Given the structural similarities between the IPym and Hpym pairs examined herein, it would be tempting to try to make molecular ‘alloys’ where the solid-state composition is controlled by reaction stoichiometry. Unfortunately, it was not possible to prepare such materials by melting due to the fact that one component in each pair decomposed upon heating. Our attempts at making alloys from solution were also unsuccessful due to significant differences in solubility between the compounds in each pair. Despite these observations, the findings presented herein indicate that ethynyl and iodoethynyl moieties can be used to generate identical solid-state assemblies via near linear and short C–H⋯N and C–I⋯N synthons, respectively. The electrostatic similarities between the two donors (as shown by their molecular electrostatic potential surfaces) provide a rational for why they can be employed as isostructural synthons for practical crystal engineering despite the many differences between hydrogen- and iodine atoms. The implications of this synthon mimicry are likely to be extended to solution-phase phenomena13 (including biologically relevant systems), and we are currently exploring the generality of our findings.

Conclusions

To most intents and purposes, the hydrogen atom and the iodine atom have very different physical and chemical characteristics, however, hydrogen bonding and halogen bonding share a common electrostatic foundation which heavily influences non-covalent interaction geometries. This means that the synthon mimicry of C[triple bond, length as m-dash]C–I⋯N halogen bonds and C[triple bond, length as m-dash]C–H⋯N hydrogen bonds can lead to near-identical molecular recognition events in solution as well as indistinguishable solid-state structural effects.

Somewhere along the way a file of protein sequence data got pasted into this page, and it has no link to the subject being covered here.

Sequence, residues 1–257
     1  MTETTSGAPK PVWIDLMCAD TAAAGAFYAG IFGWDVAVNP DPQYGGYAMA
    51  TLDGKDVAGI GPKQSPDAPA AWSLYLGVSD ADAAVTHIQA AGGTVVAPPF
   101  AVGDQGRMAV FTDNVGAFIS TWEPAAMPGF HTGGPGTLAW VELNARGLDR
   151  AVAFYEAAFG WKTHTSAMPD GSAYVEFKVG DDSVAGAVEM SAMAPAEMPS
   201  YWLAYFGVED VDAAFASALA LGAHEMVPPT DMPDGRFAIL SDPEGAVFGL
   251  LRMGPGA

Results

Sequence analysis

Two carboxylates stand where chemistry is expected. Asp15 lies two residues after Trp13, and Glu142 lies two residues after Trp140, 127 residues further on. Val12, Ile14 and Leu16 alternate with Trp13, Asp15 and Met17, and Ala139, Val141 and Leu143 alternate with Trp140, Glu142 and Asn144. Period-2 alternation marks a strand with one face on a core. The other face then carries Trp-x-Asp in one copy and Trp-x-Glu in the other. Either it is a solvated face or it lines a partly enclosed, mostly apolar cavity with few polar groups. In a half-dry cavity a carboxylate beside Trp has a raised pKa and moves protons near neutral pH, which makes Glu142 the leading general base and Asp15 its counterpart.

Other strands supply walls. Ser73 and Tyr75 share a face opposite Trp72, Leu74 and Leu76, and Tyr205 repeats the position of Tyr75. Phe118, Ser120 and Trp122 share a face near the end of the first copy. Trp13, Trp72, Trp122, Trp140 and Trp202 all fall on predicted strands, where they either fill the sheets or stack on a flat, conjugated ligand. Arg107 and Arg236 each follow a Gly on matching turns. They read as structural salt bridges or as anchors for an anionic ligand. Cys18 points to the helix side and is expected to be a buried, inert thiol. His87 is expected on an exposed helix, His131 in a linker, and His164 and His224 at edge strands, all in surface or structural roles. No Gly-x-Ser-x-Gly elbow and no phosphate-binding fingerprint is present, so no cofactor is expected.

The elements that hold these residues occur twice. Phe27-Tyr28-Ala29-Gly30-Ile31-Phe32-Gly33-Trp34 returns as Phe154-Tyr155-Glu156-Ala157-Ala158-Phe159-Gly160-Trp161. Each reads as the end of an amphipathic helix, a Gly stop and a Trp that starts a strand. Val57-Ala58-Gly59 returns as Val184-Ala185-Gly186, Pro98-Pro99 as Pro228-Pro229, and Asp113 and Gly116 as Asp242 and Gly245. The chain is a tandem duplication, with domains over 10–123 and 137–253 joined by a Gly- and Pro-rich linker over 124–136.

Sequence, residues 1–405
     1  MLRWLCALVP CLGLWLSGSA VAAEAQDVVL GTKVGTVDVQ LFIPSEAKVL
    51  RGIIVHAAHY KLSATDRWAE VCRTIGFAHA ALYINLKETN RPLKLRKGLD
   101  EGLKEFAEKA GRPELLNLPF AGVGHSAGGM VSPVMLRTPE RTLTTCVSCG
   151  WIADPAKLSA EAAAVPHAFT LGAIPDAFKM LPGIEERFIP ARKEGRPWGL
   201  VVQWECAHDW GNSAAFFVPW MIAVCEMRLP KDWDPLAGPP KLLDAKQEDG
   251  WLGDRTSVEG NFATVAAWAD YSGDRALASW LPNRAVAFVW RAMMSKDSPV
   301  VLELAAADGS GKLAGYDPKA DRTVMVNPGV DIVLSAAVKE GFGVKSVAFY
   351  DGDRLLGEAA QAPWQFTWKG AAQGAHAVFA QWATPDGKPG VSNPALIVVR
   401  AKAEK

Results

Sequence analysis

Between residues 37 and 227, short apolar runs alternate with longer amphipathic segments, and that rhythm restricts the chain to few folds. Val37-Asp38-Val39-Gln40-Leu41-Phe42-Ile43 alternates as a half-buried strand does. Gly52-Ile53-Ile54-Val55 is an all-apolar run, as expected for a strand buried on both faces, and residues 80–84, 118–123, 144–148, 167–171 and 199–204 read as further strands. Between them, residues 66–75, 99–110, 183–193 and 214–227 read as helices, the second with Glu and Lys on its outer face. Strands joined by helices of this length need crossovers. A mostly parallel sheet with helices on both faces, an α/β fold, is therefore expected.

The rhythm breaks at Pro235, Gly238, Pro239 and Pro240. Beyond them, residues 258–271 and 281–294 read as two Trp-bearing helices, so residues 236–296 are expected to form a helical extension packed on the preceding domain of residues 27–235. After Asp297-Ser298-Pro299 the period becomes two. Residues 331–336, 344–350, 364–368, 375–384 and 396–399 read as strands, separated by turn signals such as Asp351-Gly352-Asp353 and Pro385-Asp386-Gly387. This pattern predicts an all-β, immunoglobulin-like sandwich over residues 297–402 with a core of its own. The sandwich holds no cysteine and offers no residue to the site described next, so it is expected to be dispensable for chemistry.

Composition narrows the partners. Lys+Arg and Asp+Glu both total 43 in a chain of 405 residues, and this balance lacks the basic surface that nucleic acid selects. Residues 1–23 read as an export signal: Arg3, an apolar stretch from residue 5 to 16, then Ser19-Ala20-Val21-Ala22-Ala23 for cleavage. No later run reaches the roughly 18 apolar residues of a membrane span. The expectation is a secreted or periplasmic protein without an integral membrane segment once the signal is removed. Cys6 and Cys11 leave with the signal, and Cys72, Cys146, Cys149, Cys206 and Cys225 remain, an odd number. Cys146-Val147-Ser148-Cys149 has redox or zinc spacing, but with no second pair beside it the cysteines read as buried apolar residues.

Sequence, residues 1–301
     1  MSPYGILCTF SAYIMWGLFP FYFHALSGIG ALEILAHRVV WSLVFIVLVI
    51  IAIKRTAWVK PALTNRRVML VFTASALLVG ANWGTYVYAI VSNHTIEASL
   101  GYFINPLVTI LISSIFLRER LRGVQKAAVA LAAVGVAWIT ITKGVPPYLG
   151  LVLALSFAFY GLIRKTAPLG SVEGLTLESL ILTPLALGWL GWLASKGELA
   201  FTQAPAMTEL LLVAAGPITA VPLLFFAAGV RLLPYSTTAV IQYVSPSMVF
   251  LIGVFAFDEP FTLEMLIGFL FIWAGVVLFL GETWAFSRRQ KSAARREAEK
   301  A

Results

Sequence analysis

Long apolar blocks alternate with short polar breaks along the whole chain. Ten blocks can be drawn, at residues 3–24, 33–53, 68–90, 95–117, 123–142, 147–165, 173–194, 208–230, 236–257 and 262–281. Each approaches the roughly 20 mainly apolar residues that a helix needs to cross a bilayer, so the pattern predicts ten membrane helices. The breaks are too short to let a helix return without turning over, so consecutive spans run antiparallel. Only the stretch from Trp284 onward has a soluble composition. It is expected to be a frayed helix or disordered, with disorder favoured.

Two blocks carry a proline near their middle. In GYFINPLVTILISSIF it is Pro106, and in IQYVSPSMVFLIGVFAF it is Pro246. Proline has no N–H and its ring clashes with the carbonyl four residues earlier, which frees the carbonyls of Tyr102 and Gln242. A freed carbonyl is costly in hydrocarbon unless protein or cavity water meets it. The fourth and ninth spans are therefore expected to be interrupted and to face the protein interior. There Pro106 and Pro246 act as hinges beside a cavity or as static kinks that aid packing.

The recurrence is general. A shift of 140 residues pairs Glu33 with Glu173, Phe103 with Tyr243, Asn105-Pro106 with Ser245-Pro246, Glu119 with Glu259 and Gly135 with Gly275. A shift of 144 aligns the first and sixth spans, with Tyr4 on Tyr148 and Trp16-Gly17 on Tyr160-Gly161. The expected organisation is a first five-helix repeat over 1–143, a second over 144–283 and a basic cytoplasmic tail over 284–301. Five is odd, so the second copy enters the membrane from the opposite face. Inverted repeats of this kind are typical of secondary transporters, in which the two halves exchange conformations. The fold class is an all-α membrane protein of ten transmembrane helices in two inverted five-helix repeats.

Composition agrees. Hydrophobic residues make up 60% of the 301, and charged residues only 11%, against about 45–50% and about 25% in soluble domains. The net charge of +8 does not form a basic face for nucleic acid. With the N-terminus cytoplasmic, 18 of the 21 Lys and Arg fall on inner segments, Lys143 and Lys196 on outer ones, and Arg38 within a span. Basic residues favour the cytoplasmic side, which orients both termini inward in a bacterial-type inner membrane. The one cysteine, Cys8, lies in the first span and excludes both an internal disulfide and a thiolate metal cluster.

Acknowledgements

This material is based upon work supported by, or in part by, the U. S. Army Research Laboratory and the U. S. Army Research Office under contract/grant number W911NF-13-1-0387.

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Footnote

Electronic supplementary information (ESI) available: Experimental procedures, details of the crystallographic work. CCDC 1021552–1021557, melting data, IR spectra, powder patterns and NMR spectra. For ESI and crystallographic data in CIF or other electronic format see DOI: 10.1039/c6ce02201d